TaxProf Blog

Editor: Paul L. Caron, Dean
Pepperdine University School of Law

Tuesday, May 1, 2018

Simkovic: A Well-Organized Campaign To Bait, Discredit, And Take Over Universities Is Exploiting Students And Manipulating The Public

Following up on my previous post, Conservative Law Prof Heckled by CUNY Protestors:  Michael Simkovic (USC), A Well-Organized Campaign to Bait, Discredit, and Take Over Universities Is Exploiting Students and Manipulating the Public:

Key takeaways:

  • Many lectures about “free speech” are not really about “free speech,” but rather are intended to provoke a reaction that will discredit universities.
  • When such reactions occur, many news stories about them are created, shaped, and disseminated by a well-funded network that wants to transform and take over universities.
  • Students, professors, administrators should not take the bait; nor should journalists. ...

The purpose of media exaggeration of incidents at universities appears to be to discredit universities in the eyes of conservatives, libertarians, and moderates. The anti-university campaign is working. Pew reports that individuals who lean Republican have traditionally held mostly positive views of universities, but those views became less favorable after 2010, and turned sharply negative around 2015 to 2016. ...

The anti-university campaign appears to be supported by a network of organizations funded by wealthy conservatives and libertarians including the Koch Brothers. ...

Republican resentment toward universities is evident at the national level.  Recent legislation increased taxes on universities while leaving other 501(c)(3) educational organizations such as think tanks unscathed.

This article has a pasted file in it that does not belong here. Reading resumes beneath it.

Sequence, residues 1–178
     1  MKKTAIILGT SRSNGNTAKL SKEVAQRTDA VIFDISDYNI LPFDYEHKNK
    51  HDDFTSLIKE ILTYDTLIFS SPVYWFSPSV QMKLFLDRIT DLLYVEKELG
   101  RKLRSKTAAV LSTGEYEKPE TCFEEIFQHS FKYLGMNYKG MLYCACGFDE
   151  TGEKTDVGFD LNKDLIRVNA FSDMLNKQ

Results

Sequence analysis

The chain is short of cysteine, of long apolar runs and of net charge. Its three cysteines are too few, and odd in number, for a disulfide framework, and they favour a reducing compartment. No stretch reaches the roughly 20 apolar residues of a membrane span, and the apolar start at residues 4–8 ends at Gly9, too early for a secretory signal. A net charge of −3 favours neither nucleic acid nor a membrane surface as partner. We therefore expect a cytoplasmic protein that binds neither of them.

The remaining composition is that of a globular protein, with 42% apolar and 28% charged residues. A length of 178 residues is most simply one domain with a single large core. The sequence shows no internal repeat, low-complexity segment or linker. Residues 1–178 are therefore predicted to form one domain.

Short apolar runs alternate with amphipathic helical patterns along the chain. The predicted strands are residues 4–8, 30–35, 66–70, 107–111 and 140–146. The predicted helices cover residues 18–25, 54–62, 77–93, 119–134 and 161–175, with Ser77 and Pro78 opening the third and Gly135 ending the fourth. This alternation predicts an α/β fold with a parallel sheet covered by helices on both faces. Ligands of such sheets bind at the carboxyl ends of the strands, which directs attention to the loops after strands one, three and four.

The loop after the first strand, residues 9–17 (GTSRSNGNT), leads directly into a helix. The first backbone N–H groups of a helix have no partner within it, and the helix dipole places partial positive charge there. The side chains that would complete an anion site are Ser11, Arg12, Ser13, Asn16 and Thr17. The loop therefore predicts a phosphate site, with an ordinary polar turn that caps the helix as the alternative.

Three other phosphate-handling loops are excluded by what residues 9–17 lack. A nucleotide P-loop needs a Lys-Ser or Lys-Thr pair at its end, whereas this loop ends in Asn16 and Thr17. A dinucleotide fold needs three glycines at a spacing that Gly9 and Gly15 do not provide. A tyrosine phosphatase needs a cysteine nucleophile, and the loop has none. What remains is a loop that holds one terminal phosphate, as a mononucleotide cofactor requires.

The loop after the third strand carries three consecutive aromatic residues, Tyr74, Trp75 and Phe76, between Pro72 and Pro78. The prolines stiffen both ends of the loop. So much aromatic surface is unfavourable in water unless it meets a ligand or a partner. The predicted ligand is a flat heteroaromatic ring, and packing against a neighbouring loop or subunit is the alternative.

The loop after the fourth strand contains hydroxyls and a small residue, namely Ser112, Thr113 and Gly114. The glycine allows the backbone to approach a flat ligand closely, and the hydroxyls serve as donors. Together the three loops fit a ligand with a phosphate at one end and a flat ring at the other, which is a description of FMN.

Universities face a well-funded, well-organized, and cynical campaign to discredit them.  It would be prudent to teach students to express their views without providing fodder for those who seek to use them for propaganda.  The most effective way to counter the campaign against universities may be to share information through a resource such as Sourcewatch, and then schedule more interesting, possibly unrelated events to compete with provocateurs.  Few things discourage would-be provocateurs more than empty seats.  Those who feel they must protest should do so in a quiet, gracious manner that emphasizes human dignity and mutual respect.  Universities should strive to welcome those with different values and avoid even a hint of political coercion. 

When students are goaded into tactical mistakes, journalists should ask themselves whether mean-spirited provocations by seasoned political operatives preying on vulnerable teenagers and inexperienced young adults genuinely deserve news coverage.  The United States faces serious economic challenges which get far less attention than this stage-managed political theater.

I have had the privilege of teaching, learning from, working with and befriending decent people of all political persuasions over the years.  It disappoints me to see some of them allow themselves to be used as cannon fodder in a misguided war against education.